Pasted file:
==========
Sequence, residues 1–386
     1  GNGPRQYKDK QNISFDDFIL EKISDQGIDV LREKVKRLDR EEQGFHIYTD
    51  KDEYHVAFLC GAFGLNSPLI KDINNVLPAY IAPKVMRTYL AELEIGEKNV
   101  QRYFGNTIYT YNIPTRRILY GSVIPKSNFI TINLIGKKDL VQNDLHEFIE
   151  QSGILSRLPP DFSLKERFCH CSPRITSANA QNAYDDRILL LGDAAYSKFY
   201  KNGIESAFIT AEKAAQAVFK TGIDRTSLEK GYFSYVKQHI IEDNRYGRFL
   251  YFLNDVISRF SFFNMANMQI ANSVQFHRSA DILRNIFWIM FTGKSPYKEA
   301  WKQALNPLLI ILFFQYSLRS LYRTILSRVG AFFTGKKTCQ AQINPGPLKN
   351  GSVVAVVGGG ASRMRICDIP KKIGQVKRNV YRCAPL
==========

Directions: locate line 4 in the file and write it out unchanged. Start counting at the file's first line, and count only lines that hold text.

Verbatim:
   101  QRYFGNTIYT YNIPTRRILY GSVIPKSNFI TINLIGKKDL VQNDLHEFIE